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Seminars 2008

Being Muslim in the United States
July 14 - August 1, 2008

Directed by Lamin Sanneh

Funded by The Louisville Institute and Seminars @ Calvin

Seminar Description

The seminar will explore Islam’s encounter with the modern West. It will look first at the basic Islamic institutions and their formative role in Muslim life. In the second stage the seminar will consider the implications for North American life of the spread of Islam in the West, both its challenges and opportunities. A crucial area of intercultural encounter is the tradition of church-state separation.  This condition is fundamental to American life and practice and yet something that Muslim tradition rejects. For Americans, one can be religious only by being free; for Muslims, one can be religious only by submission. To amend Tocqueville, Americans believe that by being free, one believes; whereas Muslims hold that by believing, one obeys. The seminar will discuss this dimension of the political and cultural implications of Islam’s encounter with the West.

About the Director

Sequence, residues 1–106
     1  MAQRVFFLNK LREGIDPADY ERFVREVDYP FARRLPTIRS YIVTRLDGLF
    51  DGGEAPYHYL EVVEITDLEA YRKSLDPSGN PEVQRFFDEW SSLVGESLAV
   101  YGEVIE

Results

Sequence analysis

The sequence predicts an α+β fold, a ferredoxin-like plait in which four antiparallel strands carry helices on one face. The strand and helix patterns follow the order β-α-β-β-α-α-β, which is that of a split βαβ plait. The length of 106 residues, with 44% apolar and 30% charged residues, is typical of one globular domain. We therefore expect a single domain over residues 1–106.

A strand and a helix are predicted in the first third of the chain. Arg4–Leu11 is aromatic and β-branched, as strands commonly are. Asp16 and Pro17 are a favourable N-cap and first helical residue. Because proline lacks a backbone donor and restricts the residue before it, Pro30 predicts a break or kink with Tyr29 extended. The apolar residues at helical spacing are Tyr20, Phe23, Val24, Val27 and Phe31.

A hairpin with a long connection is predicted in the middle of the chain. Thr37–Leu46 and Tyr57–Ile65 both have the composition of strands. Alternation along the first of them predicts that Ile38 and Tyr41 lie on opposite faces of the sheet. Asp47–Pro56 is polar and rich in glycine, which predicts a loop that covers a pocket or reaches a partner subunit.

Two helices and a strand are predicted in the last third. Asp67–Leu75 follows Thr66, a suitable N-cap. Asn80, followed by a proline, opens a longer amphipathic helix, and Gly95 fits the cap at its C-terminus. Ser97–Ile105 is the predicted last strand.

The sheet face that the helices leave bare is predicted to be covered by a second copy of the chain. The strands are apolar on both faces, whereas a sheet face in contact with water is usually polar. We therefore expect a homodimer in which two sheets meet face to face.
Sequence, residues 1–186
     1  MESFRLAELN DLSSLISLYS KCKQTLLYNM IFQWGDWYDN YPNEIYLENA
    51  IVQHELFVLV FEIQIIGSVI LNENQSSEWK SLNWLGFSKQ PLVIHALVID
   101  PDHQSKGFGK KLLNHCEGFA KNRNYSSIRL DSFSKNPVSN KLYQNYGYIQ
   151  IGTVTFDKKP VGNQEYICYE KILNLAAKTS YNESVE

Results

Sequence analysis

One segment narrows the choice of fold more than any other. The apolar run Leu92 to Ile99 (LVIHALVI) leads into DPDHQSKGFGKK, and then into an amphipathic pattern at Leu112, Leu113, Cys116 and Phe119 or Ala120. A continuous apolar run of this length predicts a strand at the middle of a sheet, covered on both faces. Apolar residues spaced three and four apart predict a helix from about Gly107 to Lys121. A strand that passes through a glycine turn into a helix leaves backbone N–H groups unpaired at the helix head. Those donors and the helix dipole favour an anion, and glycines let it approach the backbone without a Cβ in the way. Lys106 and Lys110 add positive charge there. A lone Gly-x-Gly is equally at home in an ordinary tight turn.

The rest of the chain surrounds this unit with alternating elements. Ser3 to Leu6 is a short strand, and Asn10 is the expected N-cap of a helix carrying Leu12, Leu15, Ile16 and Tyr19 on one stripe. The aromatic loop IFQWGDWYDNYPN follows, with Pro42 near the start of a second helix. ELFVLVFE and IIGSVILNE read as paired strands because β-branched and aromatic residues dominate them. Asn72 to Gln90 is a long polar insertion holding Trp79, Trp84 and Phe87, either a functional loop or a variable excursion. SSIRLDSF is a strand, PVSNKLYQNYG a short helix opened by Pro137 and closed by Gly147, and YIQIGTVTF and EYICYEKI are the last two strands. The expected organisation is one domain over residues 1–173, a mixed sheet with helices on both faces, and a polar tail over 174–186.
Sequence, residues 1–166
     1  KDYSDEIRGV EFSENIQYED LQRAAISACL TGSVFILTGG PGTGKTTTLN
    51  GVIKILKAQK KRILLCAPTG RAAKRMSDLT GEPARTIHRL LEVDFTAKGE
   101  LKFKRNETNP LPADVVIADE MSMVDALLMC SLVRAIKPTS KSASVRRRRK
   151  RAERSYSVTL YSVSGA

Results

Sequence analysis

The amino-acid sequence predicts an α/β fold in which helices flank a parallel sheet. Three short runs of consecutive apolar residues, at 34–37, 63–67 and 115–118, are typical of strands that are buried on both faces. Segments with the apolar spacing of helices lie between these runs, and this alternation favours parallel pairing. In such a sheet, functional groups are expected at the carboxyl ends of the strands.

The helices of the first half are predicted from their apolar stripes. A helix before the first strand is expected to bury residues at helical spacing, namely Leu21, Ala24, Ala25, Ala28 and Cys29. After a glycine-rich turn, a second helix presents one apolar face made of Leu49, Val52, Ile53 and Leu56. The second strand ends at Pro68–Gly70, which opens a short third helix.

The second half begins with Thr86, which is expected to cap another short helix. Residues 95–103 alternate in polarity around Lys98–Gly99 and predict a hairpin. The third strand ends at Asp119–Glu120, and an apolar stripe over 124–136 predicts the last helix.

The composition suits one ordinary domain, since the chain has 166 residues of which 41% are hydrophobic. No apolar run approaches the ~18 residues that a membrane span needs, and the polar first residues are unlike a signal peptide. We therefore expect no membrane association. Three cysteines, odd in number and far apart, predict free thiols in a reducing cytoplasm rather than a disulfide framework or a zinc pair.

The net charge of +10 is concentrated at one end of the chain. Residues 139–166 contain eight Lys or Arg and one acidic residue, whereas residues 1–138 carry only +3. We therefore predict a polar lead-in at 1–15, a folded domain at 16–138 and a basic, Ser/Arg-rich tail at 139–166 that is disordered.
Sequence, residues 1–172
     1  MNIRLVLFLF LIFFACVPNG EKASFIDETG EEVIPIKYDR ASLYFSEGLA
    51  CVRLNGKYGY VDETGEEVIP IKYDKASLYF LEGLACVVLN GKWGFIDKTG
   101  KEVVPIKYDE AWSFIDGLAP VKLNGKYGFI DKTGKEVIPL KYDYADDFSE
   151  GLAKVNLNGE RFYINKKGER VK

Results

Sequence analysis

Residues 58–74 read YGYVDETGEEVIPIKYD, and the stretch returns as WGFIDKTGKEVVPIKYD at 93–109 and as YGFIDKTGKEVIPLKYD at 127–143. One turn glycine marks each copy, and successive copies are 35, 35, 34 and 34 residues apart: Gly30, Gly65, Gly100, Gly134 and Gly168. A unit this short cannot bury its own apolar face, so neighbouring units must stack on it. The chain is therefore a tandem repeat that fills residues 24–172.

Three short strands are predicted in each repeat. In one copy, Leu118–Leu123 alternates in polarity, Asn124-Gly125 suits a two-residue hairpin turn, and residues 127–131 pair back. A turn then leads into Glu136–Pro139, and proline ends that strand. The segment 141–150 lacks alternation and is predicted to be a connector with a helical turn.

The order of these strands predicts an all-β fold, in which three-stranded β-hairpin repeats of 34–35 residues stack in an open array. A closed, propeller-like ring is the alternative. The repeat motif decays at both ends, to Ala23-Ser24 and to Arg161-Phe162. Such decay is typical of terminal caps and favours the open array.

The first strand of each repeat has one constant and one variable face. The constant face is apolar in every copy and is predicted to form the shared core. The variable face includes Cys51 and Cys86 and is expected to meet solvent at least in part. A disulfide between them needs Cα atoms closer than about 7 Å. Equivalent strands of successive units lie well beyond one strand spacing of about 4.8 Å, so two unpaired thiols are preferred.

Lamin Sanneh is the author of over a hundred articles on religious and historical subjects, and of several books. Most recently he has published Abolitionists Abroad: American Blacks and the Making of Modern West Africa; Faith and Power: Christianity and Islam in “Secular” Britain (with Lesslie Newbigin and Jenny Taylor); and Whose Religion is Christianity? The Gospel Beyond the West. He has also written The Crown and the Turban: Muslims and West African Pluralism; Religion and the Variety of Culture: A Study in Origin and Practice; Piety and Power: Muslims and Christians in West Africa; and *-- and is co-editor of The Changing Face of Christianity (forthcoming from Oxford University Press). He writes articles for scholarly journals, including Church History: Studies on Christianity and Culture; Newsletter of the International Institute for the Study of Islam in the Modern World (University of Leiden, The Netherlands); and The Encyclopedia of Politics and Religion. He is Honorary Research Professor in the School of Oriental and African Studies, University of London, and a life member of Clare Hall, Cambridge University. He was chairman of Yale’s Council on African Studies. He is an editor-at-large of the ecumenical weekly The Christian Century and a contributing editor of the International Bulletin of Missionary Research, and he serves on the editorial boards of several academic journals and encyclopedias. He has served as consultant to the Pew Charitable Trusts. He is listed in Who’s Who in America. He was an official consultant at the 1998 Lambeth Conference in London and is a member of the Council of 100 Leaders of the World Economic Forum. He was appointed by Pope John Paul II to the Pontifical Commission of the Historical Sciences, and by Pope Benedict XVI to the Pontifical Commission on Religious Relations with Muslims. He has received an award as the John W. Kluge Chair in the Cultures and Societies of the South by the Library of Congress. For his academic work, he was made Commandeur de l’Ordre National du Lion, Senegal’s highest national honor, and is a recipient of an honorary doctorate from the University of Edinburgh, Scotland.